Unrest after JLP hikes SCT On fuel, but is it justified

Emotions have been very high over the decision of the JLP government to increase the SCT on  fuel by a whopping $7.00 . The general view by many leading commentators and analyst as well as the public , is that this increase will be inflationary in nature , thus leading to higher cost all around.

On TVJ news, one taxi association has warned that unless the government removes the new tax, there will be a island-wide shut-down of the taxi service.

Are these comments true and are they justified, will they lead to higher levels of inflation over last year, let’s do the maths.

Last year the PNP government indicated that Jamaica had achieved the lowest level of inflation in over 40 years which was very commendable. What was ironic is that this was achieved despite the fact that the PNP imposed a $7.00 increase in the SCT on fuel. So how were we able to achieve that level of inflation, despite that inflationary increase in fuel prices.

I am not sure why that would have been the case, but this time around, the same amount of increase would lead to significantly levels of inflation, higher bus and tax prices, higher prices for goods and services and a shut-down of the transportation system if its not rolled back?

After completing  a 5 minute analysis of the gas prices between last year and now, I was not very surprised to see that gas prices this year even with the $7.00 increase in SCT is between  9 and 12% LOWER than it was at the same period of time last year, is that not SHOCKING.

So this year all hell is going to break lose given the JLP’s decision to increase the SCT even though the price of fuel, is about 10% lower than it was this time last year.

See table below. Price are Petrojam ex-refinery prices.

19-Mar-15  $ 103.94  $ 105.59  $   99.79  $    36.76  $ 111.37
Price after SCT  $ 110.94  $ 112.59  $ 106.79  $    43.76  $ 118.37
MAY 12 2016  $   93.58  $   95.23  $   86.20  $    33.85  $ 102.17
Price after SCT  $ 100.58  $ 102.23  $   93.20  $    40.85  $ 109.17
Difference in $  $   10.36  $   10.36  $   13.59  $       2.91  $      9.20
Difference in % 9.3% 9.2% 12.7% 6.6% 7.8%


I continue  to find that lack of critical analysis in Jamaica frightening, for  a country that is trying to dig itself out of economic stagnation and there appears to be very few persons who are willing to simply look at the data and form an unemotional non-political attachment to the interpretation of the data.

I have presented the data, now form your own opinion from what I have presented above in the table and the inflation data and then juxtapose this against what you have seen and heard in the print and electronic media.




One Response

  1. I agree with you that it is not necessary that a rise in taxes will translate into higher inflation; however, I believe your calculations does not include all the considerations necessary to draw any form of conclusion that the rise in taxes on gas won’t lead to inflation. What you should say is visible inflation. You see, the people are already experiencing high inflation, and relative to the price of fuel prior to taxes, you will see that the price in fuel by itself is on the down cline, but Jamaicans in a whole have not benefitted from that down cline as much as they should due to the tax hike on fuel, and thus in reality has been experiencing higher inflation. An increase in the taxes on fuel will again lead to higher inflation, but the people may not feel it, because the price in gas may yet again fall. Based on current situations on the international market, not due to Jamaican government policies, the price of fuel may yet again fall as Oil Rich nations have been able to reach a deal in order to stop the fall in price. In other words, the PNP were lucky they were caught in a perfect storm where price of fuel fell for consecutive years since they took power. So the right question you should ask is whether the JLP will be as lucky and see the same fall in the price of fuel in consecutive years to come? If they do not see that same fall, and with the Jamaican people now seeing a $14.00 hike in the price of fuel plus the rise in price of fuel, they will see a drastic rise in the effect of inflation.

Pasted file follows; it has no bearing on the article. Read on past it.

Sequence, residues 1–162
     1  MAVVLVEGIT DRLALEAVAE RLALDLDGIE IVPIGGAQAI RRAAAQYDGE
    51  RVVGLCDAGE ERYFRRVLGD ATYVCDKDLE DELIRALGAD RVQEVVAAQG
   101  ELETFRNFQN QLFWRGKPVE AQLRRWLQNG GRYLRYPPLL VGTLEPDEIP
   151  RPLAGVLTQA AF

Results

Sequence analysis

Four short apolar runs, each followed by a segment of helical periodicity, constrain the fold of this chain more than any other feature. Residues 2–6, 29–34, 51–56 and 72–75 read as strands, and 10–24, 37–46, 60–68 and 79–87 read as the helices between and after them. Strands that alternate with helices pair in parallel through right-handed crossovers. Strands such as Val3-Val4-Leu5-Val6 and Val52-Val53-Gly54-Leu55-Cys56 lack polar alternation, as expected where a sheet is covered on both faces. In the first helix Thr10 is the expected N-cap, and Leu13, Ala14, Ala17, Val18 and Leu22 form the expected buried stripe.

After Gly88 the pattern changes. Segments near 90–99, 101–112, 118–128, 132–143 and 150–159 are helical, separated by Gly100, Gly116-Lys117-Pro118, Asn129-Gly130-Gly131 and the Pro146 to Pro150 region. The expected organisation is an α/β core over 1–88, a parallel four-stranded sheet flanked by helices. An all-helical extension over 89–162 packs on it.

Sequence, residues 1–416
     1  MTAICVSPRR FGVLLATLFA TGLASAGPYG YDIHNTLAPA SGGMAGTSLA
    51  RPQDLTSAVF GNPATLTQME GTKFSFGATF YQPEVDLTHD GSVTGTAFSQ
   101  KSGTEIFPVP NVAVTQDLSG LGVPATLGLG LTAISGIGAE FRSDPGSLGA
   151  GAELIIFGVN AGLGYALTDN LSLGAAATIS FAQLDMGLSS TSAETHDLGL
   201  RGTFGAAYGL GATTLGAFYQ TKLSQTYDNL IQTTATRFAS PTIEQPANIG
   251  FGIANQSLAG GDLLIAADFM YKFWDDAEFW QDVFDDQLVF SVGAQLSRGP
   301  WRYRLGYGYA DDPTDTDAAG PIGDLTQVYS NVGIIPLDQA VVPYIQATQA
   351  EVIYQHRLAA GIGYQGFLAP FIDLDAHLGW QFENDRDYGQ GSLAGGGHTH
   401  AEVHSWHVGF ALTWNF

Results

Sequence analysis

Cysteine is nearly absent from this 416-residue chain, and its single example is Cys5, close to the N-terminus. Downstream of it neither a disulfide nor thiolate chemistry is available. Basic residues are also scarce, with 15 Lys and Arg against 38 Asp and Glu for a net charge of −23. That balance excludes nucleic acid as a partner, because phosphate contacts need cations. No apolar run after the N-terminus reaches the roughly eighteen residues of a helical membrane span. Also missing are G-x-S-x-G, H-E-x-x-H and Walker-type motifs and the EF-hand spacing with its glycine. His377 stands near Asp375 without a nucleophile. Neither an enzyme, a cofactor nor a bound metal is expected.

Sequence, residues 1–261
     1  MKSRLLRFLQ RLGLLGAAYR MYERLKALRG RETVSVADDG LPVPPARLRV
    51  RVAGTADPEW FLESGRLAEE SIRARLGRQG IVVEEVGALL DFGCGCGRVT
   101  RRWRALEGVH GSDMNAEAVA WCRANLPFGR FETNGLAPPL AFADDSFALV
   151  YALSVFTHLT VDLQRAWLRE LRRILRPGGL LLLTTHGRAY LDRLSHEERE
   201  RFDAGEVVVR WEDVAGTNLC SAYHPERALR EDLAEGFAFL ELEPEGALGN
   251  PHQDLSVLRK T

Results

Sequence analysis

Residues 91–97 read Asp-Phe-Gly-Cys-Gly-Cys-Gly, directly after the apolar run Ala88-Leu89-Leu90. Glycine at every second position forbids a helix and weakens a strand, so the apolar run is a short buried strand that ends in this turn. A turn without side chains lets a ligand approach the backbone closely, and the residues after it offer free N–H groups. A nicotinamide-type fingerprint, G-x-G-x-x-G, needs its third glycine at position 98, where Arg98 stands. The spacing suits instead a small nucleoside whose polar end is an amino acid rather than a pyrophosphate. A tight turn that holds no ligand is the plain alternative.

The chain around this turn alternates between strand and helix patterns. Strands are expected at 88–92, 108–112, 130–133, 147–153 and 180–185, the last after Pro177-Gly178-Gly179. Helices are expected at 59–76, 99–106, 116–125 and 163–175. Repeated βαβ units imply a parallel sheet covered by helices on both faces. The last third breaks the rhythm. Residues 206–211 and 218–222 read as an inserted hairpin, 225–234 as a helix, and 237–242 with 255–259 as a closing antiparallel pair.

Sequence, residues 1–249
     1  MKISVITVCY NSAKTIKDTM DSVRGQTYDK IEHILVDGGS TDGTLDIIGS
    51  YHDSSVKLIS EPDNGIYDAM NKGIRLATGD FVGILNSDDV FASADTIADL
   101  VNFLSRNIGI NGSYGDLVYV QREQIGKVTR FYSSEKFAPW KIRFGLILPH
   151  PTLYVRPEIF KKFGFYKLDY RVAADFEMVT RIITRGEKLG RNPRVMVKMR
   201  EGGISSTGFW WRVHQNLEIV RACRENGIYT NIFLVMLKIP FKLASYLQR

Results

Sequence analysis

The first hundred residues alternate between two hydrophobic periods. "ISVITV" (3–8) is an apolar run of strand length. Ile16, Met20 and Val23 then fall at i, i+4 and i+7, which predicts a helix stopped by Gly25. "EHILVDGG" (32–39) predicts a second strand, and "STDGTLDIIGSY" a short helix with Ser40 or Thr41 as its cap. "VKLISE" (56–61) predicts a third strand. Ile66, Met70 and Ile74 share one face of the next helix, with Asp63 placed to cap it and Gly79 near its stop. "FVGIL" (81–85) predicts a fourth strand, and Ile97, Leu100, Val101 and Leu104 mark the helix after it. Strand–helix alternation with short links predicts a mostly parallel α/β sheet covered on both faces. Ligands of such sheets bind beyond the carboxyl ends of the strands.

Your numbers do not take into consideration the drop in the price of fuel being the reason why the pain of the rise in the tax on fuel was not felt. Put the price of fuel back up, and all of a sudden the pain will be felt. However, I am of the opinion the pain from the inflation when the price of fuel, itself increases, will not be long-term, but in the long will drive down the inflation because people’s behavior will change leading to less travel and reliance of vehicles requiring fuel. When people’s consumption is reduced, the price level will fall due to decrease demand, price of other goods will fall as well due to decrease consumption leading to less demand. Jamaicans must not be protected from the consequence of their own bad spending habits. They will experience a rise in the cost of all imports, and this should provide an opportunity for local producers to take advantage, if they know how. Higher inflation is what Jamaicans need to help them curb their demand for higher price good – imported goods. People will still need certain goods, and local suppliers can widen customer base in order to offset the cost of production while keeping local prices steady. Folks need to become creative with economics.

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